A German court has ruled that Kuwait's national airline did not have to transport an Israeli citizen because the carrier would face legal repercussions at home if it did.
The Frankfurt state court noted in its verdict today that Kuwait Airways is not allowed to close contracts with Israelis under Kuwaiti law because of the middle eastern country's boycott of Israel.
The court said it did not evaluate whether "this law make sense", but that the airline risked repercussions that were "not reasonable" for violating it, such as fines or prison time for employees.
An Israeli citizen sued the airline after he booked a flight from Frankfurt to Bangkok with a stopover in Kuwait City.
Kuwait Airways cancelled his booking when he revealed he had an Israeli passport and offered to book him on another airline.
The man refused the offer and filed the lawsuit, seeking compensation for alleged discrimination. He also insisted the airline should have to accept him as a passenger.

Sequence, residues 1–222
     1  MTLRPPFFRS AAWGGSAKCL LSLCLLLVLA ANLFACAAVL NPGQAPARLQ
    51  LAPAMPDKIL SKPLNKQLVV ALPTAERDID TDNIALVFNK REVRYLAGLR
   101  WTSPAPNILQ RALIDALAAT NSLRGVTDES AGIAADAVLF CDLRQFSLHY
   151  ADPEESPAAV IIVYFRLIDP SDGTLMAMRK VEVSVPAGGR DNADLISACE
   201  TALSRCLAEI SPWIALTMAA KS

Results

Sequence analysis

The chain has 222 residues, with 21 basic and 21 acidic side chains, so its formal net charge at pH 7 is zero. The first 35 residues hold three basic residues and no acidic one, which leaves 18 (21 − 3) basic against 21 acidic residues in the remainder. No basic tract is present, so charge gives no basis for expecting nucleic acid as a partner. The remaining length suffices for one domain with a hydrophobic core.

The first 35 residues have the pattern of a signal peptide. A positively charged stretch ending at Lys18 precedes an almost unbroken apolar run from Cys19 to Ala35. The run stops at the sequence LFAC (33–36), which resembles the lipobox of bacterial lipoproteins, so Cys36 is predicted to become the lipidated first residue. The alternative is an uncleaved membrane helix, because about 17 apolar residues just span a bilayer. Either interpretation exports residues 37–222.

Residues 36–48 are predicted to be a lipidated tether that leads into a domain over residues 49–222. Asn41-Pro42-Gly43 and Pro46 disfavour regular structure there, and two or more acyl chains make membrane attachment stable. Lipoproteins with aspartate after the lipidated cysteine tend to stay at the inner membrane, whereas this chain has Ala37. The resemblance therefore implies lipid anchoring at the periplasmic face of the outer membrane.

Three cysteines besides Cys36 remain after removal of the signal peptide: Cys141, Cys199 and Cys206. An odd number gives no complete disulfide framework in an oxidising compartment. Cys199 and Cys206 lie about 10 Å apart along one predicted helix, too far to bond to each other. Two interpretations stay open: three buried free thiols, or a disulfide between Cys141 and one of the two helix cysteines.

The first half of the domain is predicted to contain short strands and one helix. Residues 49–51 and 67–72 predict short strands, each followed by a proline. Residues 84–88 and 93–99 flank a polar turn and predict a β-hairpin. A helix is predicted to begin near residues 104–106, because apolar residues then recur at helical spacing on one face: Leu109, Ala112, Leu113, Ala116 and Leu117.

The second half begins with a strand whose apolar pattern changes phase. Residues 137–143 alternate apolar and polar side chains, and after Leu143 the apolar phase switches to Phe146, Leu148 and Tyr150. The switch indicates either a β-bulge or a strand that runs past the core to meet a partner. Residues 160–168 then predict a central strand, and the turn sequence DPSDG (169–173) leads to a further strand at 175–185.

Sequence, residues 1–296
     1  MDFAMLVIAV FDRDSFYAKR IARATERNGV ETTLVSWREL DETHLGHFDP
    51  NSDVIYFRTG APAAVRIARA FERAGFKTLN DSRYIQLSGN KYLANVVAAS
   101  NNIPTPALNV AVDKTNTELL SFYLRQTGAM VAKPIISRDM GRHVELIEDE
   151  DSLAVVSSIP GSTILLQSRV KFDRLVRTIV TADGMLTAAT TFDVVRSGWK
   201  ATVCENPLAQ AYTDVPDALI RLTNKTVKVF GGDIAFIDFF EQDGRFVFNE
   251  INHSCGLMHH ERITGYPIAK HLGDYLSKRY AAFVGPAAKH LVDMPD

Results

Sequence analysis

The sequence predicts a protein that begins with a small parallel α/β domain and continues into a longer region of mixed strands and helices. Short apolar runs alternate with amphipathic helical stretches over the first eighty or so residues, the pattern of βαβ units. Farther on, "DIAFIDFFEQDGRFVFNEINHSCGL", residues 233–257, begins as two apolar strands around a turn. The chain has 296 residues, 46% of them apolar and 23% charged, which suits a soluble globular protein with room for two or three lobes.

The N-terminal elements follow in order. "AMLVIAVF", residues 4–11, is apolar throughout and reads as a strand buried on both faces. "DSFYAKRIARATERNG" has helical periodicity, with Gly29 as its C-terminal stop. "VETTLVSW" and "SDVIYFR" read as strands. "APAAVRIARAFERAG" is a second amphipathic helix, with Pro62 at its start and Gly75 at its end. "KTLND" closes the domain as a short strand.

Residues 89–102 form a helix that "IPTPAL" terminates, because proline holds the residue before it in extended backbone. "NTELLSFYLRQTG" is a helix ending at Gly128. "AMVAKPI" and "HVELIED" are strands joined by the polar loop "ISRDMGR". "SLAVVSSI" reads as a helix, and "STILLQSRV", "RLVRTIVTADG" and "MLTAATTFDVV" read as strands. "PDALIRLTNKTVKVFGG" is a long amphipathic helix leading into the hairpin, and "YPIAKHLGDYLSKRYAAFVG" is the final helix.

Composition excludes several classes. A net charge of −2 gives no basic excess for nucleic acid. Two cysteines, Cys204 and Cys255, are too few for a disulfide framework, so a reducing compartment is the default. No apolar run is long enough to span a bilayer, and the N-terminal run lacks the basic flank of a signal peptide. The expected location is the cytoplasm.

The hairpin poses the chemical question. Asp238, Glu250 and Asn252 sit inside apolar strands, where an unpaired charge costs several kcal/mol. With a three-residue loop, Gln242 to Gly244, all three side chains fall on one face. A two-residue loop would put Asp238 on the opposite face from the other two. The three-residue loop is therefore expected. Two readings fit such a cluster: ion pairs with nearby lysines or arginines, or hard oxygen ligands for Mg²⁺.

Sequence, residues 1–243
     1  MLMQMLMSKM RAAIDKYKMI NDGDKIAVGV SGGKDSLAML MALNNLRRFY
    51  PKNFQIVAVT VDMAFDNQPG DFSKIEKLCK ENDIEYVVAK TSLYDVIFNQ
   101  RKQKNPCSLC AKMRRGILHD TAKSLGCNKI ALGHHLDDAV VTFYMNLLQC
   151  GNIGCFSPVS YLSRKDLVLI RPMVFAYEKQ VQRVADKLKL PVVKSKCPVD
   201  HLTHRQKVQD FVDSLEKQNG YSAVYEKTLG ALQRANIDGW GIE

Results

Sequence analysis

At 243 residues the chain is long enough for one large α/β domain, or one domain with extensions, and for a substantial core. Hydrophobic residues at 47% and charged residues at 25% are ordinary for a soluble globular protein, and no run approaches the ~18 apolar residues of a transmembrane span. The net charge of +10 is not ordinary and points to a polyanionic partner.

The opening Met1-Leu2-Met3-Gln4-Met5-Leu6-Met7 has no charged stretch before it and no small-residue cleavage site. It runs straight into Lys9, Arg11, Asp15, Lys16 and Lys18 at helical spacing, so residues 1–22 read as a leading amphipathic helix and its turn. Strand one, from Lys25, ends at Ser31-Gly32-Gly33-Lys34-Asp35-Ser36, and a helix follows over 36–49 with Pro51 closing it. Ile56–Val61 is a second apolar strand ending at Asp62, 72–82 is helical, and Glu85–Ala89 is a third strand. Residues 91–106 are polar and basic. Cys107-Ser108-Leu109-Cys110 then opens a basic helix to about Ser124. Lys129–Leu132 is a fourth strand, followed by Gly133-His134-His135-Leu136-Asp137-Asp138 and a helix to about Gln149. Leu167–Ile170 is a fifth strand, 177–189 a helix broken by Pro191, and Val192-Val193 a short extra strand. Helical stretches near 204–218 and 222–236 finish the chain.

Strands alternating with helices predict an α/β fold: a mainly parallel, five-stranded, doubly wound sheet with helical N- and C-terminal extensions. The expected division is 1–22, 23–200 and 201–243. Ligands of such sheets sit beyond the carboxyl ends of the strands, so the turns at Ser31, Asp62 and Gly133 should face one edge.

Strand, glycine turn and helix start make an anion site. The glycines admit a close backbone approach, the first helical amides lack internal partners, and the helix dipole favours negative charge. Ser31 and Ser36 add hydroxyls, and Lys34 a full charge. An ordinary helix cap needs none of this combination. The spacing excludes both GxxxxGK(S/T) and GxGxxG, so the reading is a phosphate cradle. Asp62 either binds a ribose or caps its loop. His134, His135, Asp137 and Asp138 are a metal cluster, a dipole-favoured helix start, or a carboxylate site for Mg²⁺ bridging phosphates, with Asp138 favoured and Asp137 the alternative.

The court rejected his discrimination claim, ruling that German law covers discrimination based on race, ethnicity or religion, but not nationality.
Germany's Central Council of Jews condemned the ruling, calling it "unbearable that a foreign company operating based on deeply anti-Semitic national laws is allowed to be active in Germany".
Frankfurt Mayor Uwe Becker expressed a similar view.
"An airline that practises discrimination and anti-Semitism by refusing to fly Israeli passengers should not be allowed to take off or land in Frankfurt," Mr Becker said.
Courts in the US and Switzerland previously have ruled in favour of plaintiffs in comparable cases, the German news agency dpa reported.
A lawyer for the Israeli passenger, whose name was not given, called the verdict "deeply shocking".
"This is an embarrassing ruling for democracy and for Germany," lawyer Nathan Gelbart said. "It cannot be allowed to stand like this."